How to Plan & Organize at Work

Keep your work space clean so you won't lose important papers.

Keep your work space clean so you won't lose important papers.

You reach success one day at a time, one step at a time. When those steps are organized, you save time and achieve results that are more closely aligned with your goals. Create short- and long-term plans around which you organize your daily activities, and you may be surprised how easily you reach your goals on or before your deadlines. When you have control, you determine the outcomes.

Obtain calendars that you are sure to use, and write down everything you have to do at the time you make an appointment or set a deadline. A desk calendar keeps your plans in front of you at all times, while electronic calendars are portable and can be updated on the run. Use both if it helps. Just be sure to update each calendar when you add a note or make changes. Tap into your cell phone’s daily calendar or download an app to your phone to keep your appointments and tasks organized.

Clean your desk every evening before you leave the office. You’re in the best position to know where papers go and what files can be deleted when it’s fresh in your mind. At the same time, organization allows you to start each day with a clean slate. Clearing up yesterday’s work takes time away from the activities you planned for today.

Develop habits that keep your organizational and planning goals on tracks. For example, with your morning cup of coffee, review all your emails, deleting unwanted messages and highlighting those that require a response. Make a habit of checking your calendar at your front door before you leave the house each day to ensure you have all the necessary tools you need for the day’s planned work.

Create a filing system that makes sense to you and allows you to get to necessary files with as few clicks as necessary. If you still rely on paper files, use folders with bold headings so you easily can put your fingers on the paperwork you need when you need it. Label files according to their function, client names or another system related to your daily work.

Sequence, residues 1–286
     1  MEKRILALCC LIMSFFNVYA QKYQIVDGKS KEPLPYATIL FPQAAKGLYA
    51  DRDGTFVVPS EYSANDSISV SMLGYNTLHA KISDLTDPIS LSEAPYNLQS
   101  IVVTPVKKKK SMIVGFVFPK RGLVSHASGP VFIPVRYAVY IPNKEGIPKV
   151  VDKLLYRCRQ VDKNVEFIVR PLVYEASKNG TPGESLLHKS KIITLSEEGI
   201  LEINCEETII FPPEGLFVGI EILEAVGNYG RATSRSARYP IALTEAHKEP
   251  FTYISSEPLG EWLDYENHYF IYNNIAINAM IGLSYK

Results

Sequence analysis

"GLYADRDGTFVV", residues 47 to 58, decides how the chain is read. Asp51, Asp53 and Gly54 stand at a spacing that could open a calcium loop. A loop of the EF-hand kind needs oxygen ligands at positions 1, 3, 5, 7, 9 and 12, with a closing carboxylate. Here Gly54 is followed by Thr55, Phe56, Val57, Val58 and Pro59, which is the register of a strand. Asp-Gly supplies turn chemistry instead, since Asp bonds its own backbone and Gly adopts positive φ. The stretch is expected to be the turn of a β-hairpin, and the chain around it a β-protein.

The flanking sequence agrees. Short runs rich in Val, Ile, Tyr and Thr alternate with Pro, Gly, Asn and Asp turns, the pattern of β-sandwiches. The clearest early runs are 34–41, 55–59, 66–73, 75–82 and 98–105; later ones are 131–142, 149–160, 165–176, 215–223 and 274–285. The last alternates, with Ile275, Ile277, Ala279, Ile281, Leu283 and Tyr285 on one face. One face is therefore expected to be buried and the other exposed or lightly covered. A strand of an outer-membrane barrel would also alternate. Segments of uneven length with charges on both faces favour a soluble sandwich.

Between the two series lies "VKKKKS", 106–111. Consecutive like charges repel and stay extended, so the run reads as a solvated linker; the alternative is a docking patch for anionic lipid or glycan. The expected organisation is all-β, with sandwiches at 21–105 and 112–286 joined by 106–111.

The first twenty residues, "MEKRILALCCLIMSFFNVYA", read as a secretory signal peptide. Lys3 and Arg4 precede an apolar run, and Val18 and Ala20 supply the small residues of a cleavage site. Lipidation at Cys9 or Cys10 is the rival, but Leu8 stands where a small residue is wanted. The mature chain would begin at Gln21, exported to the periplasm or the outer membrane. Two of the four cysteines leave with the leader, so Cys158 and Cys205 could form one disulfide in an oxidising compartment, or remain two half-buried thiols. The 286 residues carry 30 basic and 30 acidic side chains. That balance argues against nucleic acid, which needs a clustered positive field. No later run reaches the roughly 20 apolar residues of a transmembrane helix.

Make lists. Create daily and weekly lists and cross off tasks once they’re completed. Seeing your activities finished helps to keep you motivated and on track. Move items that you didn’t complete to the next day when appropriate. At the same time, when you review your lists at the end of the day and the last day of your workweek, you may find some of those items on the list were unnecessary or got done without your input.

Stay on track with your planning and organizational goals with helpful slogans and mantras. Post inspirational sayings on your desk, hanging on your wall and everywhere else you’ll see them to be reminded of why you are such a stickler for planning. Start with the following anonymous quote: “You are where you are because you didn’t plan to be anywhere else.”

Plan for the best outcomes but prepare for interruptions and inconvenient waiting time. Carry an electronic tablet with your calendar or a hard-copy planning calendar so you can quickly review it and shuffle tasks when your daily plans are derailed. Carry a magazine at all times to catch up on work-related reading when you’re stuck in traffic or waiting in a client’s office. Store important phone numbers in your phone or calendar so that you can rearrange appointments or alert others to changes in your plans and create new plans on the spot.

Items you will need

  • Calendar
  • Files
 

About the Author

Linda Ray is an award-winning journalist with more than 20 years reporting experience. She's covered business for newspapers and magazines, including the "Greenville News," "Success Magazine" and "American City Business Journals." Ray holds a journalism degree and teaches writing, career development and an FDIC course called "Money Smart."

Photo Credits

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